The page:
Government announces big changes to probate feesNovember 08 2018
The Government has announced new plans to revamp probate fees in England and Wales, which could drastically change how much your loved ones have to pay when you die.
If you’re managing a loved one’s estate after they die (including cash, property and possessions), in most cases you will have to apply for probate. If the estate is worth over £5,000, you’ll currently have to pay a flat fee of £215.
But the new fee structure means that fees are only payable on estates over £50,000. According to Ministry of Justice, over 25,000 estates every year won’t have to pay any fees from April 2019.
For those with estates worth over £50,000, probate fees are now on a sliding scale, depending on the overall value of the estate:
- Estates worth between £50,000 and £300,000 will pay £250 – a rise of £35.
- Estates worth between £300,000 and £500,000 will pay £750 – a rise of £535.
- Estates worth between £500,000 and £1 million will pay £2,500 – a rise of £2,285.
- Estates worth between £1 million and £1.6 million will pay £4,000 – a rise of £3,785.
- Estates worth between £1.6 million and £2 million will pay £5,000 – a rise of £4,785.
- Estates worth more than £2 million will pay £6,000 – a rise of £5,785.
The value of an estate includes money in bank accounts, pensions, investments, property such as houses, personal possessions, and payments such as life insurance pay-outs or pension ‘death benefits’.
As part of the new system, people will be able to apply for a grant of probate online, with assisted digital support, which aims to make the process easier for individuals managing an estate after the death of a loved one.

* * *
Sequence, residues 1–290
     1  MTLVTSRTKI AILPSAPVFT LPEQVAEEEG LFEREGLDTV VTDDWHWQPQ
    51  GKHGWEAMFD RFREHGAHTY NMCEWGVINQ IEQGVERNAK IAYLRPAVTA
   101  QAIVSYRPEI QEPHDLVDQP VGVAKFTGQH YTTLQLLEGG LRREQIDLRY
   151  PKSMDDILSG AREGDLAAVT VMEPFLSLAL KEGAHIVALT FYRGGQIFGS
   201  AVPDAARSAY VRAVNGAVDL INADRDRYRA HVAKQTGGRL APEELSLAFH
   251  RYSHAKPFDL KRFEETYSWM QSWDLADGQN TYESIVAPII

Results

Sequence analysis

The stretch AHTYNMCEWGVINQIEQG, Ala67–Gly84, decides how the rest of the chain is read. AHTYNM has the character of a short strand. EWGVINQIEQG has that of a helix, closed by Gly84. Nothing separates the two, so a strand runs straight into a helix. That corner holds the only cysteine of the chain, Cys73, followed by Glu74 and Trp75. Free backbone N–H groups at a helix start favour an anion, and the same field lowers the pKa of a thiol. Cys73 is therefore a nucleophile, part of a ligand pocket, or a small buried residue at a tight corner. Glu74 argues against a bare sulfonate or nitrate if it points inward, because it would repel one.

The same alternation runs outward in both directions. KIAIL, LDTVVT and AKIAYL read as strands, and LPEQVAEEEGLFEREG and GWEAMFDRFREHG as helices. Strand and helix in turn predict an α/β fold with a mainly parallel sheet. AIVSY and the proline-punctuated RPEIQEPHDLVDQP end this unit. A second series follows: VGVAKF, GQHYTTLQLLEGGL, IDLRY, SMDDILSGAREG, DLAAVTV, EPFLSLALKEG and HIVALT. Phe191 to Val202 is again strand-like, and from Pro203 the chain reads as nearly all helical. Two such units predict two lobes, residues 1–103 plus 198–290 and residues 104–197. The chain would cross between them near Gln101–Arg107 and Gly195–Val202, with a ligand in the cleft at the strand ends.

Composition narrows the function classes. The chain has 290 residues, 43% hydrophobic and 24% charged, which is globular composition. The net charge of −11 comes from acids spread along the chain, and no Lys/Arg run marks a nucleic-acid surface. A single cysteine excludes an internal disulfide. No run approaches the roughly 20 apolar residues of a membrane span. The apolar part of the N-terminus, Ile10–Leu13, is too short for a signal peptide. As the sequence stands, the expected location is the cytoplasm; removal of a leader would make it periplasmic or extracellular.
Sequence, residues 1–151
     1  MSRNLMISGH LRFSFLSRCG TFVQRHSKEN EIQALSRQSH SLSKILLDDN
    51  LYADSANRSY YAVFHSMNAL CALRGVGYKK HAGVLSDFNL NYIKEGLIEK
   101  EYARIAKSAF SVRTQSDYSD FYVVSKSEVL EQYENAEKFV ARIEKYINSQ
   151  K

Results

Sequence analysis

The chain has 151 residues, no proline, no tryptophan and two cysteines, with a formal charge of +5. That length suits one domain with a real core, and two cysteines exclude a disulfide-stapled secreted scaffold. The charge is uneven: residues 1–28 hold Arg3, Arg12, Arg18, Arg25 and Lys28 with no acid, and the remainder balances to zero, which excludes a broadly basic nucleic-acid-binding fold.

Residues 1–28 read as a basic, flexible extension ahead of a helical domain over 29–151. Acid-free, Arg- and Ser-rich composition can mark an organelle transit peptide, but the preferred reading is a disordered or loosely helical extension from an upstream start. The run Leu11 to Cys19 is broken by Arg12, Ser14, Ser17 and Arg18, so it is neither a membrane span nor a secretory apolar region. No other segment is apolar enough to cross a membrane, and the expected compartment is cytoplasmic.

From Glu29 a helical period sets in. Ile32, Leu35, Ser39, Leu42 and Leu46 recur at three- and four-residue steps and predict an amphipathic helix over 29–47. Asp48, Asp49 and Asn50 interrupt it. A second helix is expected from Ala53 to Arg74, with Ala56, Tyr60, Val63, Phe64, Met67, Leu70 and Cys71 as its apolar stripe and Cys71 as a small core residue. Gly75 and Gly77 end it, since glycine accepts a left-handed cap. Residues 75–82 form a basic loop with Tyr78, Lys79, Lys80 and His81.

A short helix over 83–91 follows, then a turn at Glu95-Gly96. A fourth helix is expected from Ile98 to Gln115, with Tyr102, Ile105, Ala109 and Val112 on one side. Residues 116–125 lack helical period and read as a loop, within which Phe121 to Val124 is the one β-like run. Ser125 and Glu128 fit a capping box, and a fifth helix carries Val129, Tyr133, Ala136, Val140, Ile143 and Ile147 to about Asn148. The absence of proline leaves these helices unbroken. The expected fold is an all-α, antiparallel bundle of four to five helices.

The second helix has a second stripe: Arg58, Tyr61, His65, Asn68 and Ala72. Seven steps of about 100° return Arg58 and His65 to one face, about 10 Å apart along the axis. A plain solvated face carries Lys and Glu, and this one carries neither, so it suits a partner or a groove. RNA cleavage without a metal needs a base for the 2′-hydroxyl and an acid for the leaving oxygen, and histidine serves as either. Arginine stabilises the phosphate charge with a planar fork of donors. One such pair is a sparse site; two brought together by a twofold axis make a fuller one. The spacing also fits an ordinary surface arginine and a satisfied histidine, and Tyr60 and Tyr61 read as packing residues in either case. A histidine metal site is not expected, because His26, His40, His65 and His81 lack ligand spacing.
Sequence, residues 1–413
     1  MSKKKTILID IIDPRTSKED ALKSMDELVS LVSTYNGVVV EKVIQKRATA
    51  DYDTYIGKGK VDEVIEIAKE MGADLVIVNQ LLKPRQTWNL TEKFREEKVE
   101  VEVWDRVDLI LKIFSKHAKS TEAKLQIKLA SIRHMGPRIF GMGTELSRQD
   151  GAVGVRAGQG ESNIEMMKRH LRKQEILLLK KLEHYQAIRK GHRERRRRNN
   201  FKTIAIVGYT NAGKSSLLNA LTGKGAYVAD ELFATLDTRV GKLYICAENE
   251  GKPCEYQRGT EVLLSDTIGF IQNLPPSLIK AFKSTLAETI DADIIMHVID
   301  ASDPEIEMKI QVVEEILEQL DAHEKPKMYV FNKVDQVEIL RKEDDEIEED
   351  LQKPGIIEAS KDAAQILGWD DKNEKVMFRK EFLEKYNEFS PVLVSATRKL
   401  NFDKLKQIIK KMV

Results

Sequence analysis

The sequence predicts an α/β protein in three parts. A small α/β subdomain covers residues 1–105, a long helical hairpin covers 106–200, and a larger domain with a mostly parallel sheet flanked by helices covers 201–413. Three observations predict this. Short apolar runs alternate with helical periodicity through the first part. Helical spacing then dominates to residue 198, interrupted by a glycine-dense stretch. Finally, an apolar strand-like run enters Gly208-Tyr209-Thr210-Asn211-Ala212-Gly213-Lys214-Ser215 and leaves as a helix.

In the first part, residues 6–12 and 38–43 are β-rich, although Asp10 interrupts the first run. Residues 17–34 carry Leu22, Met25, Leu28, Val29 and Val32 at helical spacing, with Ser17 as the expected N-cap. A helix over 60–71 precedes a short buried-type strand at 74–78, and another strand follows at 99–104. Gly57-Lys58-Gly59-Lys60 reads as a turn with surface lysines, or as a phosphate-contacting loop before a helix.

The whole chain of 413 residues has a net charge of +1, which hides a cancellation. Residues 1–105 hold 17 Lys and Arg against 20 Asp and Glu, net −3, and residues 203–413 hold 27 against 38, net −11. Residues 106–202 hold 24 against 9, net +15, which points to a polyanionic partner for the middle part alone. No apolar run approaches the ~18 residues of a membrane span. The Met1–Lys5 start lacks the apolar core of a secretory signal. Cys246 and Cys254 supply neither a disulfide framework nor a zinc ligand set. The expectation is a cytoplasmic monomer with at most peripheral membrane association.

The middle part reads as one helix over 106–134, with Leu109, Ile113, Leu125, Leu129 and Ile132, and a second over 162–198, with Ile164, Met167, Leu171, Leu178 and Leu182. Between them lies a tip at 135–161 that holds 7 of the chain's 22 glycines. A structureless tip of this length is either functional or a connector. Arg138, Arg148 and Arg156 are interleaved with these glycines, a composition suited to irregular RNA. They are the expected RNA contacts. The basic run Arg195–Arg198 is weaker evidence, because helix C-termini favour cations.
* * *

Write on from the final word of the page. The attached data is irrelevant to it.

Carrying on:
“The Government is investing £1 billion to modernise and upgrade the courts system so that it works even better for everyone,” said Justice Lucy Frazer QC MP as she announced the changes on November 5. “But such a courts system is simply not possible without proper funding.”
However, some critics have called the fee changes a “death tax”, arguing that the process of granting probate is no more complicated for an estate worth several millions than an estate worth a few thousand pounds.
“The new charges bear no relation to the cost of probate, and are simply another form of taxation, sneaked in through the back door,” said George Hodgson, chief executive of the Society of Trust and Estate Practitioners.
“The Government has failed to explain why it is choosing to place this burden on bereaved families, many of whom will have spent months or years paying expensive care fees for their elderly relatives.”
The changes will be effective from April 2019 onwards. The new fee structure won’t affect Scotland and Northern Ireland, where the process for applying for probate is different than England and Wales.
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To find out more about the changes and how to apply for probate, visit www.gov.uk.